Friday, December 31, 2010

Choosing Sides: Facebook Versus Twitter

Twitter logo initialYou’ve heard it:

Twitter is the new facebook.

Facebook is moving in on twitter’s turf.

Everyone is vying for their share of our attention using social media, and why not? According to a recent Nielsen study, in the United States we spend 906 million hours a month on social networks. And social networks are attracting more of our online time – Nielsen reports a 43% increase year to year (June 2009 to June 2010).

So there’s a war between facebook and twitter and one of them must win, right?

Not so fast…

What these tools have in common is that they are both classified as social media. Beyond that, almost everything else is different, and both large and small businesses would do well to recognize those differences.

Facebook is the place to grow and nurture communities. It gives you the ability to know who is interested in your products and services (because they have opted in) and allows you to target that community. You can share detailed multi-media information and have discussions – with responses appearing right under the original update, making this a great conversational tool.

Twitter is all about messaging. Messages go to your followers, but are easily accessible by everyone. Twitter is a goldmine of information and there is no need to ever send a tweet to leverage the data in twitter. Small and large businesses alike can benefit from “listening” to what their customers are saying about them on twitter. While tweets are limited to 140 characters, it’s a fallacy to believe that twitter contains only short messages. Twitter is used by many as a teaser, to drive the reader (via link) to a longer message, blog, article, or website.

Twitter and Facebook are both good at what they do. Twitter is like Times Square on New Year’s Eve – noisy and open to all. Facebook is more like a party invitation with an RSVP. Where would you rather go?

Thursday, December 23, 2010

How Not to Measure Success

Vancouver International Airport (YVR/CYVR), Ri...Image via WikipediaThe phone rang at 4 am.

“We’re calling to notify you that your flight has been delayed until 8:30.”

We had planned to leave on a 7:15 am flight, connecting through Atlanta to Las Vegas. The automated voice notifying me of this change also let me know that our connecting flight would remain the same. Hmm, how can that be possible, we only had a 45-minute layover. But in my early morning daze I let the thought go, choosing instead to re-set my alarm so I could sleep an extra hour.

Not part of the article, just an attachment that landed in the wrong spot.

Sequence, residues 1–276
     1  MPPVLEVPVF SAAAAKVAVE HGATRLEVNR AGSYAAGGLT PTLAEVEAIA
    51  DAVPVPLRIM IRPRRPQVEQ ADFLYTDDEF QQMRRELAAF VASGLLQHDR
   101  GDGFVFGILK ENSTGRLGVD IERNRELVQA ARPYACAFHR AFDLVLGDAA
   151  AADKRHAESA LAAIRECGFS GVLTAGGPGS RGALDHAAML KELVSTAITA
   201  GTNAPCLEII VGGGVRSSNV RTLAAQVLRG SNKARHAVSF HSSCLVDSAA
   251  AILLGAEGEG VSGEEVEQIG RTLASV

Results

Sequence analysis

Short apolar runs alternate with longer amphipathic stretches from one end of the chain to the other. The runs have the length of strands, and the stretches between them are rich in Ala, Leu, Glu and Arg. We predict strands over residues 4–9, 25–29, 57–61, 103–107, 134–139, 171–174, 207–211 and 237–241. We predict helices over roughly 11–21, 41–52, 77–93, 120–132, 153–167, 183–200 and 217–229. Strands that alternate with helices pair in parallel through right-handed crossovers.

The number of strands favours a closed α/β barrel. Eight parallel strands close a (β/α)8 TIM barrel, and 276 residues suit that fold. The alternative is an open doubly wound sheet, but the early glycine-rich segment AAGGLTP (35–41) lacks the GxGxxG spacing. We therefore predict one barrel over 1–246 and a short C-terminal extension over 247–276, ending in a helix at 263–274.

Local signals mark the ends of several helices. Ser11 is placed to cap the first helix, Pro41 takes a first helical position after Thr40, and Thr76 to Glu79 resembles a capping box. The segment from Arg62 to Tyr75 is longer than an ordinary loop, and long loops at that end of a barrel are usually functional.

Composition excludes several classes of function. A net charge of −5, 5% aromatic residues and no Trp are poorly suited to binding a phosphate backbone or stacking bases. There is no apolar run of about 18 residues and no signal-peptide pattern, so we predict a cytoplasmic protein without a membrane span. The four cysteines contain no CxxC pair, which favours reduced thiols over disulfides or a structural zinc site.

But it didn’t matter – I was awake.

Two hours later as we were leaving the house the phone rang again.

“We’re calling to notify you that your flight has been delayed until 8:30, and your connecting flights have changed…”

Here it comes… Instead of a second flight to Vegas from Atlanta, Delta Airlines had re-booked us through Salt Lake City to Las Vegas. We now had two connecting flights instead of one. We would arrive in Vegas at 4:30pm instead of the planned 12:30pm. Our afternoon in Vegas was lost.

When I chose the flights, the two-connecting flight option was available at a lower price, but I chose to pay a little more and arrive sooner. And when I chose the flights, I checked the flight data; that first flight had an on-time arrival rate of 80%. That’s a ‘B’, not bad, right? And the connecting flights they re-booked us on have on-time rates of 100%. Averaging the three flights together that’s a success rate of 93%, or an A-minus. Delta executives should be happy with that, right?

Wrong.

Measuring individual flight rates doesn't tell the whole story. We arrived late. Four hours late. And we had to take an extra flight to reach our final destination. My report card for Delta for this flight is something closer to 60%, or a D-minus. My perception as the customer clearly does not match the company’s published metrics.

Ironically, the only one of the five flights we traveled on for this trip that was truly on time was the last leg, from Detroit to home, on the return trip. That flight has a published on-time rate of 78%. Because our flight from Vegas to Detroit was an hour late (due to a mal-function which caused us to sit at the gate in Vegas for an hour), we had to sprint from terminal A to terminal C in Detroit, and caught the attendant just as he was closing the door to our flight, five minutes before it’s scheduled departure time. We were out of breath, but we did make it home safely.